The next time a San Diego sheriff’s deputy arrests a man who tries to steal a car, hauls him to a county detention center, and discovers he’s in the country illegally, says Copley News Service, the district attorney’s and public defender’s offices will handle his case, a tax-supported judge will preside if it goes to trial, he’ll spend an average three weeks in the local jail at $100 each day, a state prison could house him for years at $121 a day, and tax-funded probation officers will follow his progress. Only after that will he be deported.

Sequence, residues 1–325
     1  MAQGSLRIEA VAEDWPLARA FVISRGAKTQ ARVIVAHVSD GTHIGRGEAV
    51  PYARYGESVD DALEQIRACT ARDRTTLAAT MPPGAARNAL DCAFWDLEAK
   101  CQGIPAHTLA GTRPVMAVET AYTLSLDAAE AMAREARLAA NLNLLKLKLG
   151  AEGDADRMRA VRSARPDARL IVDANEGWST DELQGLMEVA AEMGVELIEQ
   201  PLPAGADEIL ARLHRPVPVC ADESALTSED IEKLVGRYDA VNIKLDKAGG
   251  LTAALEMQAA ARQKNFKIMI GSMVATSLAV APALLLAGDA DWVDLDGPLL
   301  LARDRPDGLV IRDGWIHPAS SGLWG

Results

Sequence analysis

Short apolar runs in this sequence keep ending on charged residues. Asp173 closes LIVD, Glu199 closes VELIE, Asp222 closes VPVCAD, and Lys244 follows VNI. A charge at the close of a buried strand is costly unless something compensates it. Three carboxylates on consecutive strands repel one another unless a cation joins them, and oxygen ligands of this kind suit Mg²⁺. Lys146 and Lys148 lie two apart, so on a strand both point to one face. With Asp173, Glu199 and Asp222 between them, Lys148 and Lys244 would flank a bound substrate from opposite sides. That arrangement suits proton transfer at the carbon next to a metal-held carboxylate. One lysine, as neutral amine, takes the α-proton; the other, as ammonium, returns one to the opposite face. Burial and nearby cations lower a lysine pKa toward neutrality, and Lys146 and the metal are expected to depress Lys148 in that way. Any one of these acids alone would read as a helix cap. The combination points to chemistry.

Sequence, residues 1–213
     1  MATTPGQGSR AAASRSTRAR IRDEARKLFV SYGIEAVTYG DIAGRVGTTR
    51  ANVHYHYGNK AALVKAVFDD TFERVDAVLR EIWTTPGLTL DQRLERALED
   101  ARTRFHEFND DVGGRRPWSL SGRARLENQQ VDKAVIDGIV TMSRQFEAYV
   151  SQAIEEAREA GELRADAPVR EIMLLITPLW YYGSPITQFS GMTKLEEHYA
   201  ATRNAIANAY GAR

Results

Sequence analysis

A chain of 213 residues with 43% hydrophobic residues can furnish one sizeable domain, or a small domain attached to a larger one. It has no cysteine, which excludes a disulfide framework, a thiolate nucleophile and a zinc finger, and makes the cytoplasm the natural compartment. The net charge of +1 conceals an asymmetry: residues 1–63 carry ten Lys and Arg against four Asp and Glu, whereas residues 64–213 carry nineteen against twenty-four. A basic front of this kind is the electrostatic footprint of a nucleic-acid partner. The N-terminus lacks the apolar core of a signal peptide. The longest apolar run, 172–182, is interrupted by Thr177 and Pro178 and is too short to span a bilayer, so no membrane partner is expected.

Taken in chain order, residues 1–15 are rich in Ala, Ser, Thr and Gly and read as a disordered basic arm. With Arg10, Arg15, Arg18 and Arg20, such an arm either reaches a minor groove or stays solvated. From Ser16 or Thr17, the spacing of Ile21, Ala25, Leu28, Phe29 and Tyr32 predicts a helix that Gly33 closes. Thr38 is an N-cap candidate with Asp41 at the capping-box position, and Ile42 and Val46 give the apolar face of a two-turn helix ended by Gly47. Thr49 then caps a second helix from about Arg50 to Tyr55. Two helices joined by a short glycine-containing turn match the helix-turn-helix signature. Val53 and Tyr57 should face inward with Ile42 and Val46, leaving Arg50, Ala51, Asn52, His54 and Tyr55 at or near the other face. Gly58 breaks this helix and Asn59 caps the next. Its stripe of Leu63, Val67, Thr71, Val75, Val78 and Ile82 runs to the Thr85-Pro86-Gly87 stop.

For years, the White House and border communities such as San Diego have argued over who should pay for all this. As a group of border states yesterday unveiled a report on the costs of incarcerating illegal immigrants linked to crimes, President Bush is trying to eliminate all federal reimbursement for the task. The recurring battle over this reimbursement – known in Washington as the “State Criminal Alien Assistance Program,” or SCAAP – has a predictable rhythm: For six years, the Republican president has axed the money from his budget plan, lawmakers from border states have howled, and budget writers have held press conferences, hearings and behind-door talks to put some money back in.